The global annual prevalence of influenza is 5%–10% in adults and 20%–30% in children. The World Health Organization estimates that influenza infection is responsible for between 3 and 5 million cases of serious illness and approximately 500,000 cases of deaths globally each year.
All children aged 6 through 59 months are at increased risk for severe complications from influenza and for influenza-related outpatient, emergency department, or hospital visits; however, vaccination to prevent influenza is particularly important for them for 1 year. Vaccine efficacy for healthy adults and most children ranges from 80% to 100%.
Medical staff needs to understand the factors that affect parental views about vaccination because parental attitudes about vaccination are highly associated with rates of childhood vaccination. If parents do not view a specific vaccine as necessary or acceptable, vaccination campaigns can be ineffective.,
Many studies found that parent's knowledge affect their decision to vaccinate their children in which low parent's knowledge leads to a negative attitude and decrease immunization coverage rate, these studies carried out in Iraq and Malaysia.,
As influenza vaccine is new in Iraq, there are studies about medical staff knowledge about the seasonal influenza vaccine, but little known about parent's attitudes toward this vaccine for children aged below 5 years.
This study aimed to assess parents' knowledge and attitudes toward childhood seasonal influenza vaccination for children aged below 5 years in Hilla city, Iraq, and to determine the relationship between them and socioeconomic status.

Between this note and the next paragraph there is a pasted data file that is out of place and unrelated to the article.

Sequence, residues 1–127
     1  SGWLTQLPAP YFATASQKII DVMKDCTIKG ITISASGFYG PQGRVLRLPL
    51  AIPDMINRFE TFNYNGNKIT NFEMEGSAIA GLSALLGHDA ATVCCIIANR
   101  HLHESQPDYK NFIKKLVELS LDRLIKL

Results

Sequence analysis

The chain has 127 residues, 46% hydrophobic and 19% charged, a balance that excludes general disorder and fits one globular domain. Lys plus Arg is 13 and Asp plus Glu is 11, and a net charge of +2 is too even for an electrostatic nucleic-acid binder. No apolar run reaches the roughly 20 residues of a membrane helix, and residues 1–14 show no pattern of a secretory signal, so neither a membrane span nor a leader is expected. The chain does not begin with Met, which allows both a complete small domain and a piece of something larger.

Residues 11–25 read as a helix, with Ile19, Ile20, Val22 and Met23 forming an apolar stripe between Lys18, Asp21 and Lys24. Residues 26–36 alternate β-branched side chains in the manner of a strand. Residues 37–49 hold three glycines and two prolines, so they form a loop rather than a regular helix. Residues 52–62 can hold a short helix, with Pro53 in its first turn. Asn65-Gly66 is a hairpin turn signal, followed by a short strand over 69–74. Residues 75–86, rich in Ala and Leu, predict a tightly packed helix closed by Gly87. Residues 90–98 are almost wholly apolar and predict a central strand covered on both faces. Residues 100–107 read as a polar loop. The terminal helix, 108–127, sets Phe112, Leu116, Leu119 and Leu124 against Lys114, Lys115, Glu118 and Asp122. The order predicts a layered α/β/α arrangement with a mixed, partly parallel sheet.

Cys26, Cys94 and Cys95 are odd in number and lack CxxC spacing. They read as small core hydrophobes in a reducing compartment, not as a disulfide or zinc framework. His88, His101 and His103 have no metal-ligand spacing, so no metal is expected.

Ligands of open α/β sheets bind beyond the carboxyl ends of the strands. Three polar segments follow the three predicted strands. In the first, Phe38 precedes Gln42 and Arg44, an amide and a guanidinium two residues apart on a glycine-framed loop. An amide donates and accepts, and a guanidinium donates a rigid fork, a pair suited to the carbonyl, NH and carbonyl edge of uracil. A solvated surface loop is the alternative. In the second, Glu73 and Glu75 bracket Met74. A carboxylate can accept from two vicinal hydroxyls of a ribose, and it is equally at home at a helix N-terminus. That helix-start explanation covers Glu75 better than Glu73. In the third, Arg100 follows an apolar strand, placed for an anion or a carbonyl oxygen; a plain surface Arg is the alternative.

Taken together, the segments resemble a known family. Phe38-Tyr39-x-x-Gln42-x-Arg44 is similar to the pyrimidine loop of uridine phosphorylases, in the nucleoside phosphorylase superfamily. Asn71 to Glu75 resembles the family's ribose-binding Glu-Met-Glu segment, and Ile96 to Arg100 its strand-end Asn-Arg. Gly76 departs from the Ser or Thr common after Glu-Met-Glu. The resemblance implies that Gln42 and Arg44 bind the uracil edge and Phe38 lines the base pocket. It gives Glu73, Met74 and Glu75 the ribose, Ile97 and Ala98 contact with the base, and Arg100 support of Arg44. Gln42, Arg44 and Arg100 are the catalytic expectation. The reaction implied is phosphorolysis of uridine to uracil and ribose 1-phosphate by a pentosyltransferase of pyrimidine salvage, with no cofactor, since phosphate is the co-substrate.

| Materials and Methods|| |
Study design and setting
A cross-sectional study had been done during the period from May 1, 2018 to August 4, 2018, at Primary health care (PHC) centers in Hilla city (Halif el-Quran, Al-Quds, Al-Kiffl Typical Primary Health Care Center (PHCC), Al-Wardia, Al-Baqir and Al-Qadhia). These six centers were selected by the simple random sampling method. A questionnaire form including full sociodemographic information's and a full assessment of parents' attitudes and knowledge toward childhood seasonal influenza vaccination., The data were collected by direct interview with the parents.
Sample size calculation
The sample size estimation was according to the following equation:
Sample size = (Zα1/2) 2 P (1 − p)/d2
Z α ½ = is standard normal variant(at 5% type 1 error (p<0.05) it is 1.96 ).
P (75%) = expected proportion based on previous studies or pilot studies.
d = absolute error or precision. So
Inclusion and exclusion criteria
Inclusion criteria included parents who have a child aged (6–59) month, whereas exclusion criteria included parents' refusal, incomplete filled questionnaire, and nonArabic lingual parents.
Before starting to collect information's, a pilot study carried out for 2 weeks. The pilot study was done in AL-Wardia PHCC from March 14, 2018 to March 28, 2018, aimed to test the validity and reliability of the questionnaire and to estimate the time needed for the collection of data, moreover to find any other difficulties. Modifications were done to the questionnaire according to the pilot study. The pilot study sample took about 20 parents and was excluded from the study sample.
The statistical analysis was performed using the SPSS software version 20 (SPSS, IBM Company, Chicago, IL 60606, USA). Continuous variables expressed as mean ± standard deviation, whereas categorical variables expressed as frequencies and percentages. Pearson Chi-square test was used to test the relationship between the categorical variables. P ≤ 0.05 was considered statistically significant.